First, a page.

notes from a journey through Chicago's cultural landscape...

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Location: Chicago, Illinois, United States

...this is not about me, this is about my city - a living document of Chicago's art's scene, a memoir of concerts I've been to & performances I've seen, a jaded scribe's small sampling of the many offerings of this vibrant cosmopolitan city that I'm lucky enough to call home. I work the city as the city works me, all of us connected in varying degrees, here i pay tribute to our evolving soundtrack, I plug praiseworthy endeavors & try to give a little back... Together with my peers we paint this crossroads with every shade we can find, in your mediums & mine, i run with deep house deviants & wrinkled blues cats, youngun' b-boy crews & quirky circus brats, snobby eclectic DJs & electric painters laboring on projected displays, film makers armed with mini-DVs & picky chefs sculpting tricky masterpieces out of vegan grease... i kick it with slam poets & theater geeks, powerbook producers & fashionista freaks, photoshop fellowships & choreographer hips, while jazz cats blow digital epics through pursed bebop lips... i'm at the nexus of the next wave of Chicago sound - this is where i share the stories of all the beauty I've found...

Thursday, April 07, 2005

Cyro Baptista & Beat the Donkey @ Hot House

Scored two free tickets to Hot House via a Flavorpill contest! Ya gotta love anyone who will give you free tix just for knowing random music trivia...
Anyhow, my friends Hillary & Geoff wanted to check this show out as well, since they were already familiar with the ridiculous phenomenon known as "Beat the Donkey," so we headed down to Hot House together for what would prove to be a truly great show. We missed Chicago Samba, the opening band, because we arrived late, but Cyro Baptista and his rather large group of cohorts were busy setting up their incredibly elaborate stage rig. Here's some of the toys this group put to use over the course of the show:
A Day-Glow PVC Pipe device straight out of a Blue Man Group performance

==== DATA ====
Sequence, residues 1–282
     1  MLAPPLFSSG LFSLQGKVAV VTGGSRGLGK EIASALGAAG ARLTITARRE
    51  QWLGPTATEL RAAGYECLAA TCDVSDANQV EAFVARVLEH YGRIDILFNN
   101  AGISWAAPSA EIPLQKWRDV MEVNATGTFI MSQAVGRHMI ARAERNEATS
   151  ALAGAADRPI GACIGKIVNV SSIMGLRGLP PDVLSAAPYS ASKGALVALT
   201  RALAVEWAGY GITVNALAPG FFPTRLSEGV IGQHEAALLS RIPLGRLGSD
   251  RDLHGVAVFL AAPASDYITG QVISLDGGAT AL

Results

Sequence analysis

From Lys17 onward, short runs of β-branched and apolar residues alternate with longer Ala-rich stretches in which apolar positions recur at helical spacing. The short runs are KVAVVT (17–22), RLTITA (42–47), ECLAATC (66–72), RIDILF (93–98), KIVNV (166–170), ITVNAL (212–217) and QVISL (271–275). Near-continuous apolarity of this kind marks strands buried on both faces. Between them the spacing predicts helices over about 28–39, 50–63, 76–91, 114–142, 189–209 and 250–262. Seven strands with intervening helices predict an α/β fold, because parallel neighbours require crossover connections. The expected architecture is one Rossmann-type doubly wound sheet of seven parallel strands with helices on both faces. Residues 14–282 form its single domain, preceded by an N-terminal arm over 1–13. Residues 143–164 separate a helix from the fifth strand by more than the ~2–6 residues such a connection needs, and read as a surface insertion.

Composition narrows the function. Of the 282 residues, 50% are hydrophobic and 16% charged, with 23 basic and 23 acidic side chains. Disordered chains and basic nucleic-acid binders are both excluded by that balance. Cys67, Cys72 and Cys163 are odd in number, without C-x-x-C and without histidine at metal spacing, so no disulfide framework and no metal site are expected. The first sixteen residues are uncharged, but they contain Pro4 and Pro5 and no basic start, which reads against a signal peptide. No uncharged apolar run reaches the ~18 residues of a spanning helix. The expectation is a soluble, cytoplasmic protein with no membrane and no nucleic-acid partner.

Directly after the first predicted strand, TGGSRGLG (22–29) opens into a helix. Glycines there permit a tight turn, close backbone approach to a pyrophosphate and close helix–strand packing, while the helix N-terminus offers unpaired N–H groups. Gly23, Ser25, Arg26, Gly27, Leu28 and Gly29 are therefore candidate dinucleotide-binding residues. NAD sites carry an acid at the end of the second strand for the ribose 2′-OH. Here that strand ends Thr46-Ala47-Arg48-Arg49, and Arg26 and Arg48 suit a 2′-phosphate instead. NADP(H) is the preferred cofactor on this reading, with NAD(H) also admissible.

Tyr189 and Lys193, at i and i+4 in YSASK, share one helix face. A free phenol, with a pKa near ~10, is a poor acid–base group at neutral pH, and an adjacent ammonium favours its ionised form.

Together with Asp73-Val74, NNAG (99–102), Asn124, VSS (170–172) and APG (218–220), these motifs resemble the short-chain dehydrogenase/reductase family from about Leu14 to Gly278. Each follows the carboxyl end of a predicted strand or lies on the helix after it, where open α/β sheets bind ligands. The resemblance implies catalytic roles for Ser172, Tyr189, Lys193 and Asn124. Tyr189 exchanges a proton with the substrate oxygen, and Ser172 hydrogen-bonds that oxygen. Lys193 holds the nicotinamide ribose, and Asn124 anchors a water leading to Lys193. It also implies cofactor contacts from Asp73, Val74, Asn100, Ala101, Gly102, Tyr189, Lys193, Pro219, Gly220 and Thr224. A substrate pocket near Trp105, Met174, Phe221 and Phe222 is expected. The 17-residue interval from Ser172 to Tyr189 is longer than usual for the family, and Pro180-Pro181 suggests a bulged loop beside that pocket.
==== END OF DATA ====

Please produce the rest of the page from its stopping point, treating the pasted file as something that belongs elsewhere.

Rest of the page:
A plugged in melodica
A samurai sword
A tap dancer
A set of timpanis
A set of Djembes
A full Drum Kit
A set of rigged-up original drums operated by levers and pedals
A grand piano
An organ
And more assorted insanity that I can't remember.

With vocals in Portuguese (Cyro Baptista was born and raised in Brazil before he became a New Yorker), Japanese, & English, and a formidable drum-core like rhythmic assault, this group was a lot of fun to watch and listen to. They came out all waving wind wands and then stretched out piece by piece into a stretched set of jams that spotlighted various members of the group, from the curly-haired pianist to the jumpy drummer to the tap dancing, samurai-sword wielding percussionist, to the smiling dreadlocked Djembe player from Rio. Equal parts performance art and jam session, I was really happy to have had the chance to experience the hysterical glee that characterized "Beat the Donkey." With a deeply Brazilian approach to combining rhythmic elements, this ensemble still managed to incorporate some free jazz, some deep funk, some raw blues, and some absolutely nutty polyrhythms into what was a most enjoyable concert. As Hot House was the designated venue for the afterparty to Widespread Panic's earlier performance this evening, the crowd was full of happy hippy types doing that disctintly phish-like dancing. It's hard to argue with a bunch of dreadlocked types determined to have fun, and I'm happy to know that I'm no so damn old as to try... Cyro & Beat the Donkey took us where they wanted to go, and I'm glad I got the chance to admire the view...


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